I swear to god, I’ve tried everything. I shot the blue bubble up close, I shot the blue bubble from far away, I shot the blue bubble from medium range, I cleared the room of enemies, I approached the door from various angles, I tried bombs and missiles, I tried everything short of giving the door a blowjob in an attempt to get it to open. I can’t be the only person to have this problem. And it has to be a problem, because I had this same issue when I played the previous games on the Nintendo Gamecube. Was this a game design flaw? Was this some programmer’s sick joke? I bet the fucker who came up with this was the same asshole who created the trash-bombing mini-games in Super Mario Galaxy. I can imagine him now, laughing his ass off while frustrated gamers around the world try 10 times to get through every closed door in the game. And believe me, there are a shitload of closed doors. It becomes really annoying, really fast, especially if you are low on energy and trying to outrun an army of bad guys.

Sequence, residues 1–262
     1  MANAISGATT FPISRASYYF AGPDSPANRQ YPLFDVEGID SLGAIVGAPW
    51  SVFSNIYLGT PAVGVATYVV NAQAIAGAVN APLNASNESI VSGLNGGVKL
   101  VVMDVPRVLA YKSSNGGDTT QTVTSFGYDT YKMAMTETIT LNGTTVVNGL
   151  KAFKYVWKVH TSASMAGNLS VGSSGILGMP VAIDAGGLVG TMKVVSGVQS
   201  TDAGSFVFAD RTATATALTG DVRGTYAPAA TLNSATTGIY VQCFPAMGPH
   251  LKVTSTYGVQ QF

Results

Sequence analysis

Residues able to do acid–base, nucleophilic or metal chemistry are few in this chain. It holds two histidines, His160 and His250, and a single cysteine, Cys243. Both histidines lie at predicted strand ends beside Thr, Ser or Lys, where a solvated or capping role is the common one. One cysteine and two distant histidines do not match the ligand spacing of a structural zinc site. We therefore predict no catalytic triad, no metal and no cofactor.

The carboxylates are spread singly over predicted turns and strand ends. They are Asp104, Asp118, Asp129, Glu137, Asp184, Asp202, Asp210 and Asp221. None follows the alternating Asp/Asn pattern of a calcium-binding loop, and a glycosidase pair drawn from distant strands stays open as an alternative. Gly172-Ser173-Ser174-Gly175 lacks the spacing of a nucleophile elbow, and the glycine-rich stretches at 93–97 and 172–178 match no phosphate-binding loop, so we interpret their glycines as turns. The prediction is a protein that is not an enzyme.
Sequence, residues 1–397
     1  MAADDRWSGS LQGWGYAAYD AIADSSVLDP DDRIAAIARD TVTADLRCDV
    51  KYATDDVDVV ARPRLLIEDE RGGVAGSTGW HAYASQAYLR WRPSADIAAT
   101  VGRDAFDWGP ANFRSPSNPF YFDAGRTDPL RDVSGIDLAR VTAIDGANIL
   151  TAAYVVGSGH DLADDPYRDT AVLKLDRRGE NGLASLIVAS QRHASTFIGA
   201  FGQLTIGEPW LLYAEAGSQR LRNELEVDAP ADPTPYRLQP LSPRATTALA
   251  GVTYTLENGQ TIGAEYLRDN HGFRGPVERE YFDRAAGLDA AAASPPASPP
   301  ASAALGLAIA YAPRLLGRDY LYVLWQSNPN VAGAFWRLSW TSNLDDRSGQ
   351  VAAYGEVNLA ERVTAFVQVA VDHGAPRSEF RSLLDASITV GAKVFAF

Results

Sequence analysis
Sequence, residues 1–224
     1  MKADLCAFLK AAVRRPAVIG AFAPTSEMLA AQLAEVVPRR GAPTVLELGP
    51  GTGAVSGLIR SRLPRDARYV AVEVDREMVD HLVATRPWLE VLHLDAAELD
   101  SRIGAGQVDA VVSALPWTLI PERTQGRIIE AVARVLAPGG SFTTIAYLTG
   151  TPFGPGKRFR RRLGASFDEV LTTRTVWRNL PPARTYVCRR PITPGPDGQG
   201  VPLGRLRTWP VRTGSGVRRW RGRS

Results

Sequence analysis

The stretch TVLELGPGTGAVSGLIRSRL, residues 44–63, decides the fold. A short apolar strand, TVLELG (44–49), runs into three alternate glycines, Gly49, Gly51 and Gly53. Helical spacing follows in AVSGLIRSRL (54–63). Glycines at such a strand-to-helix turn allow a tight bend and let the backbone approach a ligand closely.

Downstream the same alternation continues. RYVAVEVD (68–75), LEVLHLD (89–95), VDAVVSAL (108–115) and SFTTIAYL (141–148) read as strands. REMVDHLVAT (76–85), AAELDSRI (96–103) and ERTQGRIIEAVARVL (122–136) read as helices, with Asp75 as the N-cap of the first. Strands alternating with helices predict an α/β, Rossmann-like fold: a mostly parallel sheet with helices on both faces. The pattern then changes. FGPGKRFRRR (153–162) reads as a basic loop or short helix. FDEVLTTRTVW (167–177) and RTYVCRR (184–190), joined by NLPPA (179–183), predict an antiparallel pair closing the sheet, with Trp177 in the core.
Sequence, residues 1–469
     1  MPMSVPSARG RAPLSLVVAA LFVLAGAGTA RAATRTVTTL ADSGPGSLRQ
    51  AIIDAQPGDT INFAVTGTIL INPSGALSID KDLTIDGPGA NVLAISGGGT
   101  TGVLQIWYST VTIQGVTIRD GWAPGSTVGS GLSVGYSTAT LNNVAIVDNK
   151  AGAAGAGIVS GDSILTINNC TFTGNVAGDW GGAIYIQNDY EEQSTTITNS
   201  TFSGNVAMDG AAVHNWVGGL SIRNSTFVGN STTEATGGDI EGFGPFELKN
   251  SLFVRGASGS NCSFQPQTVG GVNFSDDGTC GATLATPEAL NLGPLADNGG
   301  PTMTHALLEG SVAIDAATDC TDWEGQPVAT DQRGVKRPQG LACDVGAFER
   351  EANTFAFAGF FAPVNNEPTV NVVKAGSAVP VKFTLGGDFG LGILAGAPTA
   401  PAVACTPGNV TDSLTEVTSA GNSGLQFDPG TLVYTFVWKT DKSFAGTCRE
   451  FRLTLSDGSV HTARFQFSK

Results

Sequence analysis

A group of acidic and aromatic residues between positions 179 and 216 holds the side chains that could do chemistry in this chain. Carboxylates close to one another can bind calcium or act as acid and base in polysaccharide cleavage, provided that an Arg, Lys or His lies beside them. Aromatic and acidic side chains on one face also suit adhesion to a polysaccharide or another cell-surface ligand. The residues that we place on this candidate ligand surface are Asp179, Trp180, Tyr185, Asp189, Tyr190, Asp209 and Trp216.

Eventually, the door does open, but only after it fucks with you a few times. Now that I think about it, this had to be intentional. Why else would they change the simple blue-bubble doors of the older Metroid games to the blue bubble plus solid gray door? I bet it was a conspiracy perpetrated by the NHK. Either that, or it was a plot to make gamers think their controller/game wasn’t working correctly, so they’d go out and buy a new one. Or maybe it was a plot by the alcohol companies to get people so frustrated they would start drinking heavily. One of those has got to be the reason. I’m sure of it.